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How Can I Get Out of Debt?

Kimberly Rotter


At least 69 percent of American households carry some kind of debt, according to the U.S. Census Bureau. That’s down from 75 percent 10 years ago, but those of us who do carry debt carry more than ever before. Consider these statistics from Census Bureau and NerdWallet reports:

  • Median household debt in the United States is now $70,000

  • Average credit card debt is more than $15,000

  • Average mortgage debt is nearly $150,000

  • Average student loan debt is more than $33,000

  • Nearly 1.2 million people filed for bankruptcy last year. More would file if they could afford the legal fees.

Causes of debt

If you’re carrying more debt than you can handle, you’re not alone. The causes of our financial distress are as varied as the people who carry the debt. But common threads emerge:

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Medical expenses. One of the most common ways Americans lose control of their finances is by experiencing a medical emergency, particularly while uninsured.

Student loans. Many borrowers take out education loans, but no school can guarantee a job upon graduation.

Credit cards. Credit cards are a little harder to get than they used to be, but their lure still traps many a financially inexperienced consumer. It’s not hard to spend a little more than you can afford to pay off at the end of the month… and then to watch the balance snowball.

Any debt level that feels too hard to pay back is too much. And even if you’re keeping up with your payments, you might be at risk of losing control. Research online debt calculators to see if your debt burden is too heavy.

4 steps to conquering your debt

If you’re in debt over your head or you are at risk of losing control, the steps to answering the question, “How can I get out of debt?” are very simple and straightforward.

1. Stop charging. You have to cut up your credit cards. Keep one, but put it someplace inaccessible. One trick is to freeze it in a Ziploc bag full of water. Create a delay between the time you want to use it and the time you are able to get your hands on it. Those extra few minutes could be all the time it takes to talk yourself out of using the card.

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2. Negotiate. Call each of your credit card issuers and request lower interest rates. You’ll have better luck if you’ve paid your bills on time. If they refuse, try again in a few months. Take advantage of zero percent interest rate offers that come to you and learn how to shift your balances around so as to pay the least amount of interest. You need time to pay down your balances while no additional interest accrues. You must be extremely diligent about managing your accounts and resisting the urge to make purchases with the new cards.

3. Make a budget. Cut out as many expenses as you can. Give yourself an allowance each week in cash and stop spending when it’s gone. Figure out how much you can afford to pay toward your debt each month after you pay for housing, food and other necessities.

4. Pay your bills. Take the amount you’ve budgeted for paying down debt and make the minimum payment on all but one credit card. On that card, pay the minimum plus the rest of the money in your debt payments budget. Most people start with the card that has the highest interest rate, but if you have an account with a very low balance go ahead and start with that one. Paying off an account is extremely gratifying and motivating. Every month, pay as much as you can possibly afford. When the first account is paid off, pay down the next account in the same manner. Always apply the money you were spending to pay down the previous accounts to paying down the subsequent accounts.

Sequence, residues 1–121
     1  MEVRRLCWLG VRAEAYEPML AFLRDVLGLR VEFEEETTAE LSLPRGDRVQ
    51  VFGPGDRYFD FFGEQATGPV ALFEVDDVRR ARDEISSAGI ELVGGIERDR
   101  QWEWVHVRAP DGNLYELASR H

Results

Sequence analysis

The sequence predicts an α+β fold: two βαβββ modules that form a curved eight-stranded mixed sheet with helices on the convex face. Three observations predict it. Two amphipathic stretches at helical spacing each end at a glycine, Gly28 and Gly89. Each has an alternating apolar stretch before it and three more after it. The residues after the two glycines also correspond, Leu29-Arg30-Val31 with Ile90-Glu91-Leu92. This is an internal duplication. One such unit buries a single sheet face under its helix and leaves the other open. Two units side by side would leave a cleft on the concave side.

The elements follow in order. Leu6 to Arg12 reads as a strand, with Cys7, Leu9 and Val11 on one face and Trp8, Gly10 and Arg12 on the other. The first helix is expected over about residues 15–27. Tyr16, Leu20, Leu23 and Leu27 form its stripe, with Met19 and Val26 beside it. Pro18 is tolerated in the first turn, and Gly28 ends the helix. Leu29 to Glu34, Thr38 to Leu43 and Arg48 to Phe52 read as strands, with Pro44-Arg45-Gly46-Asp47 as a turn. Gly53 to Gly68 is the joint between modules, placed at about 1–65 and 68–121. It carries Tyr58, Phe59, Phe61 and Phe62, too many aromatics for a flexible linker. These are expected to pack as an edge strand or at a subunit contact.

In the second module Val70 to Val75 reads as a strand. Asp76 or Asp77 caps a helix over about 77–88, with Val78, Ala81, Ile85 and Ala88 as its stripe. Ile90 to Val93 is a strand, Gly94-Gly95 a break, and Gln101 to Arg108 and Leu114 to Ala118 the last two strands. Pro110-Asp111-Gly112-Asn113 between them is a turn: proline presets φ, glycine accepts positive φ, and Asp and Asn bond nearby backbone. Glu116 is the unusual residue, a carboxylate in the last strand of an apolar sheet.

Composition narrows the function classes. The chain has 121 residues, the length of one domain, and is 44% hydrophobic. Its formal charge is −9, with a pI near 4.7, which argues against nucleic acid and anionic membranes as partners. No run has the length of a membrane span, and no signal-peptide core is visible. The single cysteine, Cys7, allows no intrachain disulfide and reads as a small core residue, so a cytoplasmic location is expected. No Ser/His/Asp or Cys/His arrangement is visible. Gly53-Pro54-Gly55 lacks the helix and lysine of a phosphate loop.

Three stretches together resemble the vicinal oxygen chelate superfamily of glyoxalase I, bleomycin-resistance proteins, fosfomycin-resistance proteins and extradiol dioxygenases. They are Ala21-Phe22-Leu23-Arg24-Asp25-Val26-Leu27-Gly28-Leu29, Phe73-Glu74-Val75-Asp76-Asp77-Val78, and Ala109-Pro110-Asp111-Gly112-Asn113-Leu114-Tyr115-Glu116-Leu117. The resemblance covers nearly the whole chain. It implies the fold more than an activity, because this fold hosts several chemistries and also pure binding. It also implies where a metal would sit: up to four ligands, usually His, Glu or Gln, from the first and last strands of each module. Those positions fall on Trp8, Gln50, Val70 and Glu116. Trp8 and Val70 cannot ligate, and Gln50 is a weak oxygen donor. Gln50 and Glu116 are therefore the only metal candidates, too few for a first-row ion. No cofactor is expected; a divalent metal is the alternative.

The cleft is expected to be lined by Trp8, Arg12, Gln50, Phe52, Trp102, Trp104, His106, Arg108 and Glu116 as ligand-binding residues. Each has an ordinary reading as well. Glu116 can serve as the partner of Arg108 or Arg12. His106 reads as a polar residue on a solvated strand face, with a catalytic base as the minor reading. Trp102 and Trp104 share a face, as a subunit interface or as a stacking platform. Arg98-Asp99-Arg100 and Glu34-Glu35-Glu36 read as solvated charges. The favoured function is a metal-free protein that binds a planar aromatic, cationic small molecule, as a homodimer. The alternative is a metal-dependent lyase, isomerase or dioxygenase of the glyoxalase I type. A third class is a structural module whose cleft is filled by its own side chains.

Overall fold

Financial rules of thumb

The old standards still apply to us all:

Avoid carrying balances on credit cards. If you want something you can’t afford, save for it. Use the card for things you can pay off this month, and nothing else.

Maintain six months’ worth of living expenses in an emergency fund that you don’t dip into. If you are in a higher income bracket, your emergency fund should be bigger.

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Research and consider buying health insurance. Catastrophic coverage (or “high deductible”) plans are available to many for low monthly premiums and limit your financial liability in case of an accident or illness that requires medical attention. As anyone with medical debt will tell you, it doesn’t take much to rack up tens of thousands of dollars in bills. But many of us can protect ourselves financially for just a few hundred to a couple of thousand dollars a year.

Don’t go it alone

If you think this all sounds much easier said than done, you’re right. Getting out of debt is not easy or quick. But in following these steps, you’re learning valuable financial management lessons that will last your lifetime. And you’re investing in your own future.

Get advice, help and support from a professional debt counselor. But don’t pay a service that offers to settle your debt for “pennies on the dollar” or any other terms that sound fantastic. If you’re in the military, visit www.militaryonesource.mil. If you’re not in the military, visit the National Foundation for Credit Counseling website (www.nfcc.org) to search for a free or low-cost counselor in your area. You can also check with your own creditors – many offer free credit counseling to struggling customers. Call your mortgage lender and visit the local branch of your bank to inquire.

Once your debt is paid, you’ll be much less likely to let it get out of control again. But it’s your job to be forever diligent, ensuring your own financial stability. After you pay off your creditors, pay yourself. Invest in your savings, your home and your retirement.

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